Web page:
Read the full article here: AUKUS-A_View_from_Washington-Nilanthi_Samaranayake-SRJ-4-(1)

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AUKUS and India’s Pursuit of Strategic Autonomy   Page 27 ♦

Jivanta Schottli

India is not one of the AUKUS inner circle but its importance in the evolving security map in the region can hardly be ignored. In some respects, AUKUS supports India’s own strategic priorities. It does little, however, for its naval activities in the Indian Ocean, nor its high-altitude land borders with China and that nation’s closer links with Pakistan. In adjusting to the situation, one might expect a strengthening of ties with France and possibly, too, with Russia.

Read the full article here: AUKUS_and_India’s_Pursuit_of_Strategic_Autonomy-Jivanta_Schottli-SRJ-4-(1)

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Small Island States in the Indo-Pacific: Challenges and Opportunities for Seychelles

 Page 30 ♦

Christian Bueger

AUKUS confirms the shifting interest of the great powers towards the Indo-Pacific. This has implications for small island states like Seychelles, which have until recently enjoyed a more central position in the Indian Ocean. Now it is on the margins, well to the west of important geopolitical activity. If it is to retain the kind of influence it has exercised in oceanic affairs in the region, it will need to adjust its policies to embrace not only military considerations but issues of ocean management. Creole diplomacy has served it well in the past and needs to be drawn upon once again.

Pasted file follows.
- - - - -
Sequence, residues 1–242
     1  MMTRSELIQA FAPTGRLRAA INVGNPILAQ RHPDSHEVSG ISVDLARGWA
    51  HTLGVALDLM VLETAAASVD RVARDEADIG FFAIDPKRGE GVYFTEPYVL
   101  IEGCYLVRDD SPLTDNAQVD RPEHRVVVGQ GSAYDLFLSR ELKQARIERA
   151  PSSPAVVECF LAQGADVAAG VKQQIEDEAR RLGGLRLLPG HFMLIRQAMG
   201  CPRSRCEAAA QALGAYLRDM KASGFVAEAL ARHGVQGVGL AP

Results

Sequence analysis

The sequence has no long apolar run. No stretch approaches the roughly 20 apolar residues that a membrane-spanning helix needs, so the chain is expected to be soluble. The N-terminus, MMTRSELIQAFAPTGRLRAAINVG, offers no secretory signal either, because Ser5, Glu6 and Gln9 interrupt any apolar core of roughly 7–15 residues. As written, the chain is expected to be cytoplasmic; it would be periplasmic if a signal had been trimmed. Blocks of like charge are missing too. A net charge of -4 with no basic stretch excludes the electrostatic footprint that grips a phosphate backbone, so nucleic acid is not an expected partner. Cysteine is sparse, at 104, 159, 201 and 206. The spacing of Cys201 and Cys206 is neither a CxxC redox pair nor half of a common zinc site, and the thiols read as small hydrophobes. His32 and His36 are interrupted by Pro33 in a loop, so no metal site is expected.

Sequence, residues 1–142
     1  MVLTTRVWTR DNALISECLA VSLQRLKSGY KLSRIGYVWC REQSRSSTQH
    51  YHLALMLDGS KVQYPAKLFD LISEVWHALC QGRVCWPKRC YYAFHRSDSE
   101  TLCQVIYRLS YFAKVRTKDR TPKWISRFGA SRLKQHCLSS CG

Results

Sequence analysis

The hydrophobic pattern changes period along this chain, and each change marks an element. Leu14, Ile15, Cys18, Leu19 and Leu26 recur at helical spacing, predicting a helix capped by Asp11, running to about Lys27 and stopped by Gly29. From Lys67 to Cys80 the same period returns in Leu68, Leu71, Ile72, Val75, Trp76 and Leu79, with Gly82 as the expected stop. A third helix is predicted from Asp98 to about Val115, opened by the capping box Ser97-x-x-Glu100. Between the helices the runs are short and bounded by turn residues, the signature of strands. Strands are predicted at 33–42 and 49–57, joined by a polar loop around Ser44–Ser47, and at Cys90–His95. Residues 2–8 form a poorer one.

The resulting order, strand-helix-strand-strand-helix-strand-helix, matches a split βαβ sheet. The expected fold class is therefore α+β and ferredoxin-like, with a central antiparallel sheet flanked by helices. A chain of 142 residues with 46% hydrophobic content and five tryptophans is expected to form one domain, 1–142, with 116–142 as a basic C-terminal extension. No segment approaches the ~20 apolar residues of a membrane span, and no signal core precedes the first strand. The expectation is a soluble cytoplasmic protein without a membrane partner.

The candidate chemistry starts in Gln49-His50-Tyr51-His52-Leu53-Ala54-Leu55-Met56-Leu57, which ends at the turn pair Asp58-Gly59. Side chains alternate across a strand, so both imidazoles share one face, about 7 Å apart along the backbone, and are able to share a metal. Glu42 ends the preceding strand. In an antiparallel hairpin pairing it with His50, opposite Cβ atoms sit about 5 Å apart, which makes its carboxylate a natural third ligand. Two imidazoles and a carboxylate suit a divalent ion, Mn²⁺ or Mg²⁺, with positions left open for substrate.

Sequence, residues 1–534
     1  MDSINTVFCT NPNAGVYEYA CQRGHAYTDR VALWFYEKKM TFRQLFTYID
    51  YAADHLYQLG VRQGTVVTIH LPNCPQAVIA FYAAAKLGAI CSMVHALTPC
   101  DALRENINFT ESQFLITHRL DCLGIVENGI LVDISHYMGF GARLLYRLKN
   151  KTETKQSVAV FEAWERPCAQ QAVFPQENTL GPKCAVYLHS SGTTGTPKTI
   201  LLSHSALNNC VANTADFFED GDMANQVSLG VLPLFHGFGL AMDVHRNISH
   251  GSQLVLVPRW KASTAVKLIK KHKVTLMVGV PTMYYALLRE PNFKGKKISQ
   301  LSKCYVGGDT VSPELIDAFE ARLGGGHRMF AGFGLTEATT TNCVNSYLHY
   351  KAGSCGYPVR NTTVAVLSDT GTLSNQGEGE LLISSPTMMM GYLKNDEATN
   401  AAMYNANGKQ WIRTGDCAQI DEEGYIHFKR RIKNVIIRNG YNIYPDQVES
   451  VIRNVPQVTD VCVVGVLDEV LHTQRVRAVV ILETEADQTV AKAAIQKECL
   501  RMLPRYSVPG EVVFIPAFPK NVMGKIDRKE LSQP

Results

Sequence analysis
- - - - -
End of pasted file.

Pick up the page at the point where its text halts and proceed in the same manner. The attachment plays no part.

Read the full article here: Small_Island_States_in_the_Indo-Pacific-Challenges_and_Opportunities_for_Seychelles-Christian_Bueger-SRJ-4-(1)

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Catholic Education in Mauritius    Page 34 ♦

Pascal Nadal, Gilberte Chung Kim Chung and Jimmy Harmon